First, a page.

10 Biggest Video Game Microtransaction Rip-Offs
PocketEpiphany Published 10/21/2020 in Funny
Some microtransactions can be a good thing. A modestly priced new skin or kickass DLC for your favorite game, who wouldn’t love that? But some games go too far and basically turn “microtransaction” into a dirty word among gamers. EA we're looking at you. Who are the worst offenders in this area? Scroll on down to see for yourself.
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1. Horse Armor in Oblivion
Back in 2006, Bethesda released Horse Armor for Oblivion. It did pretty much what you’d think: for $2.50, you could put special armor on your horse.
It may sound tame now, but this is widely credited as opening the door to all of the annoying microtransactions of the next decade and a half. And to this day, “horse armor” is useful slang for any kind of overpriced and unnecessary microtransaction.
2. Star Citizen’s Land Deeds
At this point, pretty much any Star Citizen purchase could qualify as a dumb microtransaction. But among all the stupid transactions, the land deeds really take the cake.
Basically, you are buying virtual real estate, and this will ostensibly help you better protect anything you build.
But since Star Citizen is trapped in perpetual development hell, you are basically donating $50-$100 in exchange for fake land you don’t need in a game that will never come out.
3. XP Boosts in COD: Black Ops 4
Some microtransactions are only cosmetic, meaning they don’t affect gameplay. Others seriously affect the gameplay balance. And some are just pay to win.
In Call of Duty: Black Ops 4 and other games, you can buy loot boxes that boost your experience gain by as much as 25%. The “benefit” of this is that you level up faster, but the reality is that you end up paying more to play less.
4. Battlefront 2’s Loot Boxes
Certain microtransactions are bad enough to make international news. That was the case with Star Wars Battlefront 2’s notorious loot boxes.
These boxes made waves because they initially contained much more than cosmetic enhancements. They contained gameplay features and heroes, and if you didn’t buy enough boxes, it could take 40 hours to unlock a single hero.
Facing massive public backlash, EA overhauled the entire system to soothe angry players.
5. FIFA: Ultimate Team’s Cards
What’s the one thing that could make an expensive microtransaction even worse? Making it temporary, of course!
FIFA: Ultimate Team essentially required players to shell out real money if they hoped to get the star players that would lead them to victory without dying of old age first.
This is scuzzy enough on its own, but the player contracts expired, meaning you’d need to shell out money once again to buy the same players.
6. Crash Team Racing Nitro-Fueled
In some ways, Crash Team Racing Nitro-Fueled has the most insidious microtransaction story.
The game did not have any microtransactions when it launched, but they were added after players complained about the time it took to unlock various extra features.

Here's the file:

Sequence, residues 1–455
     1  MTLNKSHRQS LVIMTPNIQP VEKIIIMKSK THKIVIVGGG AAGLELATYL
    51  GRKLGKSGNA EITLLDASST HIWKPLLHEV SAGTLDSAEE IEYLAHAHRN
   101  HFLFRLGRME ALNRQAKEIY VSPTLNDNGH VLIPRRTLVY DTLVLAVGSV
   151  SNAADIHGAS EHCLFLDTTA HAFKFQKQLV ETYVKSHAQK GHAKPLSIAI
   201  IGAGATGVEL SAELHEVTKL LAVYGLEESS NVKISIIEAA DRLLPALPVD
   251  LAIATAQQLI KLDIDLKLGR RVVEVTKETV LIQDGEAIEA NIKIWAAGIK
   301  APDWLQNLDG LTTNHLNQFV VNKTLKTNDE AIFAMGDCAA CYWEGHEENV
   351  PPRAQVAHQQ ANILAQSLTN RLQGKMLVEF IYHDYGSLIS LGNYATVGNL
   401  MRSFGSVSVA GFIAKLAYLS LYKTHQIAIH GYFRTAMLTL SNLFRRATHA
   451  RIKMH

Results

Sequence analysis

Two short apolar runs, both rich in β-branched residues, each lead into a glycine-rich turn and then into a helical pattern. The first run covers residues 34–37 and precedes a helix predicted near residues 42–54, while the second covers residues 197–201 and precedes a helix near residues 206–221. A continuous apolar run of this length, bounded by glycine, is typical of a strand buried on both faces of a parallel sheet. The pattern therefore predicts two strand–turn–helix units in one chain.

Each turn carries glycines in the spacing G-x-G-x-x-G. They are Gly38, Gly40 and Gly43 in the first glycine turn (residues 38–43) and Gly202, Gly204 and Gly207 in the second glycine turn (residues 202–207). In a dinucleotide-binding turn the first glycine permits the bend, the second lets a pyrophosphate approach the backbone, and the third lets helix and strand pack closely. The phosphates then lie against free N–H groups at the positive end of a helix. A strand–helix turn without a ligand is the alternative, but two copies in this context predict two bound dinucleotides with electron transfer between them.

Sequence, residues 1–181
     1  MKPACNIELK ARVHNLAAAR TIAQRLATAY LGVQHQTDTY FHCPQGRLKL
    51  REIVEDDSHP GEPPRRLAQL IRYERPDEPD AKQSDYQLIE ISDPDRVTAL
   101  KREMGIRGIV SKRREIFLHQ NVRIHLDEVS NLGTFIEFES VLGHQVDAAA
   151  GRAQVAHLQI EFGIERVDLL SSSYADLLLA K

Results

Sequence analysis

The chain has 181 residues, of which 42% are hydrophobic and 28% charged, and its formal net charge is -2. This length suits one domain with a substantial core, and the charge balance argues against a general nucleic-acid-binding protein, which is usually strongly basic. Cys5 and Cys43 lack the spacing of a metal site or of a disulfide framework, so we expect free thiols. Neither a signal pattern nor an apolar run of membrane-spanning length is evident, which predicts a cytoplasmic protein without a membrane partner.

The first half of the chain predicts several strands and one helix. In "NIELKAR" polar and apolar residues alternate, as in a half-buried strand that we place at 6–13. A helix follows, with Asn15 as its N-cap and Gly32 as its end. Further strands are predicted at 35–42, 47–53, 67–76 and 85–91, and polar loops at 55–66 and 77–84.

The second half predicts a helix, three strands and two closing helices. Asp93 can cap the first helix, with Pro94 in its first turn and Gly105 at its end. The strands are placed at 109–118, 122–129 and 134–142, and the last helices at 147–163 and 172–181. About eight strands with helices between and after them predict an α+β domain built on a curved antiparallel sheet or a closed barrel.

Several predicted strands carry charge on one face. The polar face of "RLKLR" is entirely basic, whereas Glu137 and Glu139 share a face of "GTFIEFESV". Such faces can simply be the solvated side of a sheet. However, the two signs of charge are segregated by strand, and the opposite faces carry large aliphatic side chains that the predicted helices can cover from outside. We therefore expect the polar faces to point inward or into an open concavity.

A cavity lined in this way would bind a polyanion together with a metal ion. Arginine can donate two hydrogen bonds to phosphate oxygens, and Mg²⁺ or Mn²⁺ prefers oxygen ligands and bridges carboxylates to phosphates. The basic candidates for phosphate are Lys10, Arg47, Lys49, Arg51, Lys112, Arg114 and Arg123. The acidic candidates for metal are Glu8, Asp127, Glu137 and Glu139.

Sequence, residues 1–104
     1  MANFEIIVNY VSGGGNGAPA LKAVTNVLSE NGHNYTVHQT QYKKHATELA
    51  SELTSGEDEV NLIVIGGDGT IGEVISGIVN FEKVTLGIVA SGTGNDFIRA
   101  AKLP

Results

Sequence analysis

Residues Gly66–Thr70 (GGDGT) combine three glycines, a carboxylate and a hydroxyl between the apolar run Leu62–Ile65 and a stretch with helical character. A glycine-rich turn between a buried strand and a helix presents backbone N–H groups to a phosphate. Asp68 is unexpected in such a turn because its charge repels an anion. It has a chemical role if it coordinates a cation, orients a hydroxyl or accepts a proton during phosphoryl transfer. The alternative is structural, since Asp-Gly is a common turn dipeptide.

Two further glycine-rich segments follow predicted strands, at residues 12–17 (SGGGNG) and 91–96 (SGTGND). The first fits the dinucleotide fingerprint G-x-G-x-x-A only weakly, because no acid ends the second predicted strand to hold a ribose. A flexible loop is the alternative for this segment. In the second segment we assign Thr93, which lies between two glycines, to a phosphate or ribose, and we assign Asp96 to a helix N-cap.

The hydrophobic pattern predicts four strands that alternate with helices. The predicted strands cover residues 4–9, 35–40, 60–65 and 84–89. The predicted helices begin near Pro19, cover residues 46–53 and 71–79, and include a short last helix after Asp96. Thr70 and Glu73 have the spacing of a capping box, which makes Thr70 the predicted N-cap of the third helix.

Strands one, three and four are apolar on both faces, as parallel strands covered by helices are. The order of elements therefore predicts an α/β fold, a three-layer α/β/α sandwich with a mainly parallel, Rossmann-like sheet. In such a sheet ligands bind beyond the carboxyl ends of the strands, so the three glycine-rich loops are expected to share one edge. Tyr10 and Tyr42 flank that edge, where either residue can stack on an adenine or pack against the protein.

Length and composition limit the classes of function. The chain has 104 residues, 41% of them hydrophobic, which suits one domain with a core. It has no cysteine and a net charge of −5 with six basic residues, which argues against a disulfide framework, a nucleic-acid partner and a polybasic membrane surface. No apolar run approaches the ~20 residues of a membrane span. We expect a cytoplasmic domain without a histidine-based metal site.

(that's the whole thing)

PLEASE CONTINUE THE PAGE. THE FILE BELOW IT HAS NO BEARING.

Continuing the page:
It was the worst of both worlds. Players hated the new system even more, and some speculated that keeping microtransactions out of the initial game was just a way to get good ratings from the critics.
7. Call of Duty: WW2’s Loot Boxes
Ever hear the phrase “It’s not what you said, it’s how you said it?” Call of Duty: World War 2 features the loot box equivalent.
The actual loot boxes in the game aren’t that bad. But many players found it insanely disrespectful that you could land those loot boxes in important places like Normandy.
But hey, who cares about desecrating the memory of thousands of soldiers if it means getting a few extra bucks from frustrated players?
8. Repair Kits in Fallout 76
Fallout 76 had as many bugs and other problems as you’d expect from a Bethesda title that players couldn’t easily mod. But the biggest issue concerned microtransactions like the repair kits.
These kits help you repair armor and other gear, and they normally require intense grinding to acquire. However, Bethesda started selling the kits in the Atomic Shop.
Just like that, players with enough money could buy an advantage over their opponents.
9. Licenses in The Hunter
What if you combined the worst kind of microtransaction and the worst kind of game design? You’d end up with something like The Hunter.
This is a game that simulates the hunting experience a little too accurately and basically “nickel and dimes” you at every point. You must pay for special guns, special ammo, etc.
The worst are virtual hunting licenses that actually expire, meaning you must keep throwing money at the game just to play.
10. Lives in Candy Crush
Candy Crush helped pioneer a popular free to play mechanic. After players run out of lives, they can wait a certain amount of time to play again.
Or they can pay real money and get extra lives right away.
This quickly turns the free to play game into a pay to play one. As it turns out, microtransactions and players with no impulse control make for a bad combo.
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